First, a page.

Last Saturday, June 16, 2012, John Kudel was sworn in as the MSBA President for Bar Year 2012-2013. As with each incoming president before him, John concluded the Annual Meeting with closing remarks. John outlined his vision for the upcoming year, in which he intends to focus on professionalism, civility, courtesy and respect among our profession. He spoke of the future and the need to encourage the younger attorneys and the next generation of attorneys to become more involved. And, he spoke of the past.
John’s remarks were a tribute. A tribute to the bar association, a tribute to past bar leaders, and a tribute to his parents.
With the help of the tech-savvy MSBA staff, his remarks included a slideshow/video presentation about John, his parents, and the American Dream. I do not want to do John or his parent’s story a disservice by trying to recreate it in its entirety in this blog. Each fact is too specific and too important. (His speech was videotaped, so I am confident that it will be available on the MSBA website in the near future). Simply put, however, John’s remarks centered on how his parents met while his father was stationed overseas during World War II, how they were separated from one another when his father became a prisoner of war, how they were reunited through the heroics of both his mother and father, and how they moved to Pennsylvania, and had a son who would one day be president of the Maryland State Bar Association.
The American Dream. As practicing attorneys, we sometimes forget the reasons we first decided to go to law school. We forget the sacrifices of our parents and we forget our past. We forget the underlying reasons we decided to enter into this profession. John told the story of why he became an attorney, which was previously published the Daily Record in an article written by Ben Mook:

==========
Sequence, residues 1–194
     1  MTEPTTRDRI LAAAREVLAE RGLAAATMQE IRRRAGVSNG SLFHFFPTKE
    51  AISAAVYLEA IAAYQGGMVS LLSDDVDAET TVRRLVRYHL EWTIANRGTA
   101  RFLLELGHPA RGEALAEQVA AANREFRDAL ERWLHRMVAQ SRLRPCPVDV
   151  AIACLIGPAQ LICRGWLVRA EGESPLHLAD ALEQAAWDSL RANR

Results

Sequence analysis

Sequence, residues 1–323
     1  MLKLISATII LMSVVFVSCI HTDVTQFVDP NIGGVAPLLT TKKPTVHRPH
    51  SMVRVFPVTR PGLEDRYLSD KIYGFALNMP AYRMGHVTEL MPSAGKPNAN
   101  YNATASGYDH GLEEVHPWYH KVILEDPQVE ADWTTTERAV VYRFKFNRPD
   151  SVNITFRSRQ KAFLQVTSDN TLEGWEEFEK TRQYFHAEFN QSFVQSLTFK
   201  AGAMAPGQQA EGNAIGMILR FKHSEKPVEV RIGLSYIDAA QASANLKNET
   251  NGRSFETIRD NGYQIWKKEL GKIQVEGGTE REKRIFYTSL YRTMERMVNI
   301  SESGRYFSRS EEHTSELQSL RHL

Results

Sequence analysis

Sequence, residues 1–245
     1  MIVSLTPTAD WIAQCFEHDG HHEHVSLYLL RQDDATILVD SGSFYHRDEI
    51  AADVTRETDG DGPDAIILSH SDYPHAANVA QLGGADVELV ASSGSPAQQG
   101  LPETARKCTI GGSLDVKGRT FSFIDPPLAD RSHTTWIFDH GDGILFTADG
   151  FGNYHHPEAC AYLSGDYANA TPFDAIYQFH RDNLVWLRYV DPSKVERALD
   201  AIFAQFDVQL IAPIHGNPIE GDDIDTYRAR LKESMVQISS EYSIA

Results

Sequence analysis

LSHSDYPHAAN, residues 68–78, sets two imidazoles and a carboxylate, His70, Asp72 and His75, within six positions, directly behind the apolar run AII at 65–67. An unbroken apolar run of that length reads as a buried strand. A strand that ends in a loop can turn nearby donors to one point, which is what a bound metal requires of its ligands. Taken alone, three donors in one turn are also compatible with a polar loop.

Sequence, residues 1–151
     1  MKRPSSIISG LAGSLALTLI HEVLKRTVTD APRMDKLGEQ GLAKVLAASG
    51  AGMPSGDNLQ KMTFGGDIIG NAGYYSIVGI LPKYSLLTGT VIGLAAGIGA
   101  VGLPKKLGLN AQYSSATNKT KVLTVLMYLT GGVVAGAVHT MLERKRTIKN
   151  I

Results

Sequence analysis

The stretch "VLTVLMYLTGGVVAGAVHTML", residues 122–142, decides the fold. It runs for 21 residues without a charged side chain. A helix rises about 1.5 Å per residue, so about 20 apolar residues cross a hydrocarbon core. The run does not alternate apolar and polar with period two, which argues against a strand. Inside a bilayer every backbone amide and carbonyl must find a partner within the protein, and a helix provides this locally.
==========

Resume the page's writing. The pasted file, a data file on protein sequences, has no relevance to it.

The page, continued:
As an impressionionable 12-year-old visiting an attorney’s office with his father, John P. Kudel was impressed by the oak accents, the shelves lined with books — and the sodas for the asking.
Kudel grew up in Lilly, Pa., a town less than 1,000 northeast of Johnstown. On the way home, he asked his father, a World War II veteran and former Japanese prisoner of war, what lawyers do.
“Help people,” Kudel’s father told him. And that sealed the career path for the incoming president of the Maryland State Bar Association.
As attorneys, we should help people. Help people with their legal issues. Help people with their personal problems. Help people who have no other means. We can zealously represent our clients, but remain professional and civil and courteous. We can honor those who have come before us, whether a parent, a past MSBA president, the founding member of your law firm, or a retired judge. We can and should honor this profession. As John leads the way in this upcoming year with a focus on professionalism and civility, it should be a reminder to each lawyer of the way we should conduct ourselves in our everyday practice.
And to John, here’s to the upcoming bar year. Kudos to Kudel!